Antidepressants and pregnancy: Women must consider the impact of drugs on baby
Upon learning they are pregnant, most women dutifully nix the alcohol, sushi and caffeine.
But what about antidepressants?
Headlines about the potential risks of antidepressants on a developing fetus, including miscarriage, premature birth and newborn breathing problems, have produced angst for many moms on medication. But of greater concern, some experts say, are the harmful effects of untreated depression on the baby, including low birth weight, irritability and developmental delays.
"There's no path that's really risk-free," said Pec Indman, a San Jose, Calif.-based therapist who specializes in perinatal mood and anxiety disorders. "Illness has risk, and treatment has risk."
Which is riskier, of course, is the tough question.
Dozens of studies exploring the safety of antidepressants during pregnancy, especially the popular class of antidepressants known as selective serotonin reuptake inhibitors, or SSRIs, have yielded mixed results and suffered from design limitations.
A chief limitation is that it's not clear whether adverse outcomes are the fault of the medication or the depression itself, said Dr. Kimberly Yonkers, professor of psychiatry and of obstetrics, gynecology and reproductive services at Yale School of Public Health.
So far the most consistent data have linked antidepressants with preterm delivery, though studies haven't shown any long-term effects on the child, Yonkers said. A study last year that linked antidepressant use in the first trimester with a fourfold increase in the chance of a child having autism was met with a flurry of warnings from experts to not read into the findings, as it was the first and only study to make the association and there were methodological weaknesses.
One of the more common consequences of antidepressant exposure to babies is post-delivery withdrawal-like symptoms, including tremors, respiratory problems, feeding difficulties and jitteriness. In a 2006 Israeli study published in the Archives of Pediatric and Adolescent Medicine, a third of the antidepressant-exposed babies experienced such symptoms, compared with none in the control group, though most symptoms resolved themselves within a few days.
Other potential dangers pose a very small risk.
Writing last month in the British Medical Journal, European researchers found that taking SSRIs during the second half of pregnancy can more than double the risk that newborns will develop persistent pulmonary hypertension, a condition that prevents babies from getting enough oxygen into their bloodstream and, if severe, can result in multiple organ damage and death.
But that means the risk jumps from 1.2 in 1,000 babies to 3 in 1,000 babies, which is still very rare.
To compare, the risk of any woman developing a blood clot during pregnancy is 2 in 1,000 and of having a stillbirth is 6 in 1,000, said Dr. Avi Patil, who specializes in maternal-fetal medicine at Duke University Medical Center.
"Many more women will have depression in pregnancy that needs to be treated than will have this adverse event," said Patil, who in December published a review article in the journal Obstetrical and Gynecological Survey examining data on common antidepressants taken during pregnancy.
Left untreated, depression itself could harm gestating babies. Babies born to depressed moms have shown elevated cortisol levels and reduced serotonin levels, plus depressed moms are less likely to seek regular prenatal care or take prenatal vitamins and more likely to smoke or drink alcohol, Indman said. They also are more likely to experience postpartum depression, hampering their ability to interact with their new baby, which can interfere with development.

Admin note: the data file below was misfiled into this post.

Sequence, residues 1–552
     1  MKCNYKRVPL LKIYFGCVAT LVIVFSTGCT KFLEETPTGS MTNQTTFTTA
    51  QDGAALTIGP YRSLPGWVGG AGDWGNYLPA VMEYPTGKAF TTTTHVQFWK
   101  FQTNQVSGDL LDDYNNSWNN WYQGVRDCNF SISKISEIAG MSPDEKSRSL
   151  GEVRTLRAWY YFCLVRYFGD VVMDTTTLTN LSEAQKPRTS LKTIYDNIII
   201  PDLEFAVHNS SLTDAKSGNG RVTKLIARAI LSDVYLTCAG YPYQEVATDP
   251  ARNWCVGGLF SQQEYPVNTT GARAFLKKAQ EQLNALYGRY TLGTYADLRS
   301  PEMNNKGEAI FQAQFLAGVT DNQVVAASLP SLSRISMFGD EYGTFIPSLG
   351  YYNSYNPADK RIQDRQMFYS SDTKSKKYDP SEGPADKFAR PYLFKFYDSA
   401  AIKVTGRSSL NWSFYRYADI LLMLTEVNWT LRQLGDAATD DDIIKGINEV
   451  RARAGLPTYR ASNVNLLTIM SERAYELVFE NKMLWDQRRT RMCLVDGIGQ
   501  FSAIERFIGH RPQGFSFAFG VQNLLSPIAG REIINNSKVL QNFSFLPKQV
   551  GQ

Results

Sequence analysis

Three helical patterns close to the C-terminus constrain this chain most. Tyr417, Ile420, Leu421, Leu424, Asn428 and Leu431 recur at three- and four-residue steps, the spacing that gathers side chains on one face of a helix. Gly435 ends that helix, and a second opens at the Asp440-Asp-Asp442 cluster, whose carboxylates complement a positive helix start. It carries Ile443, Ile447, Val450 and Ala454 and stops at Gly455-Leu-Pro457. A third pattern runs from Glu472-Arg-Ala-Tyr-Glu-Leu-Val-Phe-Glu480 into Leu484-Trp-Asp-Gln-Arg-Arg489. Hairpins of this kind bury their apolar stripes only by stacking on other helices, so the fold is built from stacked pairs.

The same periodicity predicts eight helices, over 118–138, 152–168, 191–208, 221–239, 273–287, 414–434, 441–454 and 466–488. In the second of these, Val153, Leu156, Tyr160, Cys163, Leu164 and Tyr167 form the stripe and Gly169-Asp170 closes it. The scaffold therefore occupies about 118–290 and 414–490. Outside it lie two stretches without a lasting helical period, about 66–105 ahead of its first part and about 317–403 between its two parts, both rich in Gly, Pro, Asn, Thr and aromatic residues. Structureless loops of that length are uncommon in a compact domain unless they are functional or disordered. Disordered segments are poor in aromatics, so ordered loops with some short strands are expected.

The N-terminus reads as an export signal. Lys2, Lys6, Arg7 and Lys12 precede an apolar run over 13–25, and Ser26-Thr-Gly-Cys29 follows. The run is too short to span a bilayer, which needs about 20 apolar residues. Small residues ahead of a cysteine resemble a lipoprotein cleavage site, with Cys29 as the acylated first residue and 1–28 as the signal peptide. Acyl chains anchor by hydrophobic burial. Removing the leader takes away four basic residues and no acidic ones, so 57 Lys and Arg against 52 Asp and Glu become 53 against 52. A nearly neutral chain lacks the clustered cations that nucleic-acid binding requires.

Studies have associated depressed moms with preterm delivery, low birth weight and low Apgar scores (a test to measure the health of a newborn). Untreated anxiety has been linked to babies with inconsolable crying, sleep problems and developmental delays, Indman said.
Women with mild depression might consider gradually tapering off their medication dose before they conceive (if they have the luxury of planning) or in the third trimester (if they don't) to decrease the risk of withdrawal symptoms in the newborn, Patil said. But if it's likely the mom will relapse, it's best to stay on. He recommends patients seek guidance from their OB-GYN and mental health providers to determine the best course of action, including alternative therapies.
It's never a good idea to discontinue medication abruptly. In a 2000 study of women who stopped taking antidepressants and anti-anxiety pills upon learning they were pregnant, 70 percent reported adverse physical or psychological effects, 30 percent had suicidal thoughts and 10 percent were admitted to hospitals.
"It was pretty sad," said study co-author Adrienne Einarson, a nurse who has published extensively on the topic. "It can be more harmful for women not to be treated, but no one seems to look at it that way."
Einarson, who is semiretired as assistant director of Motherisk, a counseling service for pregnant women based at The Hospital for Sick Children in Toronto, worries the stigma and misinformation about the risks might dissuade women from taking medication they need. Injury lawyers haven't helped; last year, a family won a $2.5 million settlement from GlaxoSmithKline after a jury found it negligent for not warning the mom's physician of the risks of taking Paxil during her pregnancy. Her son was born with a heart defect.
Several studies have linked paroxetine, the generic form of Paxil, to heart malformations, but others have found no greater risk, Einarson said.
"Now they're going to think for the rest of their lives that it was her fault because she took Paxil," she said.
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